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When molecules and morphology concur: the ‘Gondwanan’ midges (Diptera: Chironomidae)

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Abstract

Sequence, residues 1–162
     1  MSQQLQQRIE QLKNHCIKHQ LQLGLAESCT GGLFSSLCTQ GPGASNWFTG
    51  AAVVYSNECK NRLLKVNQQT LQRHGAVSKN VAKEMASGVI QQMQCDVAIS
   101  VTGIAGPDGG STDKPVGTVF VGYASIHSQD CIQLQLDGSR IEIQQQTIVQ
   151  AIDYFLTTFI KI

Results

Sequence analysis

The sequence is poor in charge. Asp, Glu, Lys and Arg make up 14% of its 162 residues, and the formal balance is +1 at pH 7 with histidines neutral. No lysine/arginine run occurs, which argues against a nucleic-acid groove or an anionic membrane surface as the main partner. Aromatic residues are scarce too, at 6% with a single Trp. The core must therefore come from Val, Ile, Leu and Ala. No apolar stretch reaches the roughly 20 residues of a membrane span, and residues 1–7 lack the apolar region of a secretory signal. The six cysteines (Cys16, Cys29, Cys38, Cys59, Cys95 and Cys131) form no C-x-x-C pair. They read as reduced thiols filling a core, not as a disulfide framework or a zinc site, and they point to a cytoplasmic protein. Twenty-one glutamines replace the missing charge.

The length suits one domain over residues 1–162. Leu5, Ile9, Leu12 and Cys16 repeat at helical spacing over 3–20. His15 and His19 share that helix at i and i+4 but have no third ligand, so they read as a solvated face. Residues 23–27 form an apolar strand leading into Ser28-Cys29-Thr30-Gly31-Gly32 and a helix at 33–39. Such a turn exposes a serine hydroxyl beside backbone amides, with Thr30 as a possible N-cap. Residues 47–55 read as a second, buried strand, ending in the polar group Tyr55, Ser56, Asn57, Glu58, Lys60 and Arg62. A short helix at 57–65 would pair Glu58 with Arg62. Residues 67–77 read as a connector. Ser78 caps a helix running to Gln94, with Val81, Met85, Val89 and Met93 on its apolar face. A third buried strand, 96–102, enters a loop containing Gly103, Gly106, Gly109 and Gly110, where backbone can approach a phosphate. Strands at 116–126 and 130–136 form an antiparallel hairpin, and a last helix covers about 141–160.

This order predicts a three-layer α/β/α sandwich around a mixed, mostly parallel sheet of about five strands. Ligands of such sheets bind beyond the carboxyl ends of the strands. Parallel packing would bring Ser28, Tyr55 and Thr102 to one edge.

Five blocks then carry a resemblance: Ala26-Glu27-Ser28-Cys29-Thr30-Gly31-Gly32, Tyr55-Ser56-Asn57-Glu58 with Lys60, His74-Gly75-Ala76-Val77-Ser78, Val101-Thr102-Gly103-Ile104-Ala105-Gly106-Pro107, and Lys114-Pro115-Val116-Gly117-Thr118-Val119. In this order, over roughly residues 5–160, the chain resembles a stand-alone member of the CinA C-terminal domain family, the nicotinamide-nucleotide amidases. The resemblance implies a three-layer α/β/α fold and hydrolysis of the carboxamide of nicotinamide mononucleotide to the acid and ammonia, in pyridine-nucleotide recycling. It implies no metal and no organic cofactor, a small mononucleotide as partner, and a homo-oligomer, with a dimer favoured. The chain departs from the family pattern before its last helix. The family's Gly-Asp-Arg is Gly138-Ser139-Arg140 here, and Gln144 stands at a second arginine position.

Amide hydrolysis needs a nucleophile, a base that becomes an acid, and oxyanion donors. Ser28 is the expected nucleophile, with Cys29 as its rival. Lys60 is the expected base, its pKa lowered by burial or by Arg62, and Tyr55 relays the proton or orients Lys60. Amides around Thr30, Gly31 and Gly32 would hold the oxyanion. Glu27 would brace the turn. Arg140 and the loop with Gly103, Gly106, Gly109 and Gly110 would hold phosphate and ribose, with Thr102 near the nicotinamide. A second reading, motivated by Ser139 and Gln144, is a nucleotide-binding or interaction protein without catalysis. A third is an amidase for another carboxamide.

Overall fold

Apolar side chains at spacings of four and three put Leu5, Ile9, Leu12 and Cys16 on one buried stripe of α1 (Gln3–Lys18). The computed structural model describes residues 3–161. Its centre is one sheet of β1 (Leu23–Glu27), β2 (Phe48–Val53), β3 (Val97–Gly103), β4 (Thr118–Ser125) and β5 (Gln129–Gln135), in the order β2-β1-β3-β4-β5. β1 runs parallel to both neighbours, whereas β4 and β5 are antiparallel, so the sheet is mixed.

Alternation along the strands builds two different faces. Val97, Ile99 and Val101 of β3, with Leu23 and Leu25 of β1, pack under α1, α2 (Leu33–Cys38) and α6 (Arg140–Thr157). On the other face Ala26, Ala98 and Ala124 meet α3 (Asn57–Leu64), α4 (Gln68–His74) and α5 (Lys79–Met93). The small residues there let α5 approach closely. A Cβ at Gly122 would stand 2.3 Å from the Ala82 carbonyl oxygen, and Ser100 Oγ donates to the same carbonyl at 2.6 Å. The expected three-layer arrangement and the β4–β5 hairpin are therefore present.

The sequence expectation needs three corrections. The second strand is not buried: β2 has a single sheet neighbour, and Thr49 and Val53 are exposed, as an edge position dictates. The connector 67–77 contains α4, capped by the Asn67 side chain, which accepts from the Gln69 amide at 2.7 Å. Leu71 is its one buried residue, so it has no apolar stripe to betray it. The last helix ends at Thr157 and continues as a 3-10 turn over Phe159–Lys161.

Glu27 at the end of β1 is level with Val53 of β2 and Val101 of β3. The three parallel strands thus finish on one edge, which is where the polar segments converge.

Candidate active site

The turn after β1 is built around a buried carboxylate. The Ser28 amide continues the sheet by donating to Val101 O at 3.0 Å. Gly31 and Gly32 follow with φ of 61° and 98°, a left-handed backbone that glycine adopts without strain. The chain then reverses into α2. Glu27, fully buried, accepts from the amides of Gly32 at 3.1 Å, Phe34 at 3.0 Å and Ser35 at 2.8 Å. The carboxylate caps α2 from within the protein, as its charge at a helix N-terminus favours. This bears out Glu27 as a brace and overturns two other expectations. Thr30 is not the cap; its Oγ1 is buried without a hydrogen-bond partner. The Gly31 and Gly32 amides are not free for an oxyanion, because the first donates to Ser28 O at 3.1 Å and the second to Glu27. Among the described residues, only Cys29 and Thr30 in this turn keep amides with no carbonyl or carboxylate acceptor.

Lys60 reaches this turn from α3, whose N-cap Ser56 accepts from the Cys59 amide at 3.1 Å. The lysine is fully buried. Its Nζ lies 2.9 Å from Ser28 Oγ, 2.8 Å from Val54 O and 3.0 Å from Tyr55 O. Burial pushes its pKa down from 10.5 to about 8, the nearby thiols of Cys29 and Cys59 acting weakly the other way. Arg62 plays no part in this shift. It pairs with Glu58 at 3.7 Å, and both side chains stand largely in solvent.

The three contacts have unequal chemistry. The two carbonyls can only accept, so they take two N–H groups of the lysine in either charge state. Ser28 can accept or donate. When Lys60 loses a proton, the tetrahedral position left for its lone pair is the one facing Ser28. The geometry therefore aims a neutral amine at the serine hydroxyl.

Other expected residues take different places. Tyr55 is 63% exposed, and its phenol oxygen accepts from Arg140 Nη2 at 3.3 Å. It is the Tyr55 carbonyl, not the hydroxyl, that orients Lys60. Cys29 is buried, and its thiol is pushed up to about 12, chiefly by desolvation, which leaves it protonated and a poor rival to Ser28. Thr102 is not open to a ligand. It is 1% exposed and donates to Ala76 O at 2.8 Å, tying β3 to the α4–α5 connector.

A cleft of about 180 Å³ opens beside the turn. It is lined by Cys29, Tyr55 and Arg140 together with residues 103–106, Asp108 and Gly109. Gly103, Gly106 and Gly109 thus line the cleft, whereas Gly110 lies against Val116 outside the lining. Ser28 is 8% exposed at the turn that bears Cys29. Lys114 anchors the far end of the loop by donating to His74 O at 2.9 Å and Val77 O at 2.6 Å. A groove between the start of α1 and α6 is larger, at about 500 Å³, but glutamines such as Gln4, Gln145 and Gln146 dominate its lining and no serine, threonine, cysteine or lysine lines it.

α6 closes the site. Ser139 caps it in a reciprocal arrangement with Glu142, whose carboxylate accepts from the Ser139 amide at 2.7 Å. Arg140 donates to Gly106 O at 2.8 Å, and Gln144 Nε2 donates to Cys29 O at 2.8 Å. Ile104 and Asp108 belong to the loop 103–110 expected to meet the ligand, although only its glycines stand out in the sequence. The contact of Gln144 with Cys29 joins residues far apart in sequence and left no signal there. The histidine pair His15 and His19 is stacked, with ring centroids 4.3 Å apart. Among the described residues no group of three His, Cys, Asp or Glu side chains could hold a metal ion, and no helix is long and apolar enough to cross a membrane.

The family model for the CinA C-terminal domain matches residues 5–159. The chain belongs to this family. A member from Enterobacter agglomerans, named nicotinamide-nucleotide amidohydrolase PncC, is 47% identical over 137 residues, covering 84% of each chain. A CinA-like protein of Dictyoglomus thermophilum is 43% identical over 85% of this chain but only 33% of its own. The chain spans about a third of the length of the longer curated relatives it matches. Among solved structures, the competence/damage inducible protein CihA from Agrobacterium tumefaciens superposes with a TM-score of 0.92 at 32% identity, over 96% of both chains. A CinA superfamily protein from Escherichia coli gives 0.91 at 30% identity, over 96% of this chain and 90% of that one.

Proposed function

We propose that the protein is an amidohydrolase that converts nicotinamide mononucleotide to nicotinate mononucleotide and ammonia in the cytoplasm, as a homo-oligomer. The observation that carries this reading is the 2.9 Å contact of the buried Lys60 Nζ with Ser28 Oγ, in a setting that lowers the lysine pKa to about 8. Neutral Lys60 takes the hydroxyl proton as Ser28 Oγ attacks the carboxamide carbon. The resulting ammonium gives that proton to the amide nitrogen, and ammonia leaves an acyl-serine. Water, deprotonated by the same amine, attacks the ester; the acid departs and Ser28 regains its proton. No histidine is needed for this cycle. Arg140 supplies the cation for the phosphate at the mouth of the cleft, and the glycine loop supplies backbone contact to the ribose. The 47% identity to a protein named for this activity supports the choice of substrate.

A phylogeny of the Chironomidae subfamily Podonominae, significant in the history of phylogenetic biogeography, is estimated from an analysis of four genes. Fragments of two ribosomal genes (18S and 28S), one nuclear protein-coding gene (CAD), and one mitochondrial protein-coding gene (COI) were sequenced from specimens representing 13 of 15 genera, and analysed using mixed model Bayesian and maximum likelihood inference methods. Podonominae is monophyletic and sister to Tanypodinae – the shared development of the larval ligula is synapomorphic and diagnostic. Tribe Podonomini is monophyletic with the inclusion of Trichotanypus; tribe Boreochlini is a grade. Monophyly is confirmed for the genera Podonomus Philippi, Podonomopsis Brundin, Podochlus Brundin, Archaeochlus Brundin and Austrochlus Cranston, Edward & Cook: Parochlus Enderlein becomes monophyletic through the inclusion of Zelandochlus Brundin (n.syn.) with its type species, P. latipalpis (Brundin) n.comb. The ‘mandibulate’Archaeochlus plus Austrochlus is monophyletic with nonmandibulate Afrochlus weakly supported as a member of, or sister to, the African Archaeochlus. Subtending this group is Lasiodiamesa, although it associates in some analyses with the sister group Tanypodinae. Generic relationships coincide with those proposed based on morphology, particularly as understood via all life history stages of some problematic (autapomorphic, adult-based) taxa. Divergence time analysis (beast) allows inference of Mesozoic diversification of higher taxa in Podonominae, of appropriate timing for fragmentation of Gondwana, post-African divergence, to have caused vicariance. Shallower nodes (within genera) imply both younger vicariance involving Antarctica and some recent dispersal, including southern to northern hemisphere movement in the New World. New Zealand taxa test controversial biogeographical relationships and show proximity to southern South America without direct Australian sister taxon pairs: dating implies persistence of midges through the ‘Oligocene’ bottleneck.

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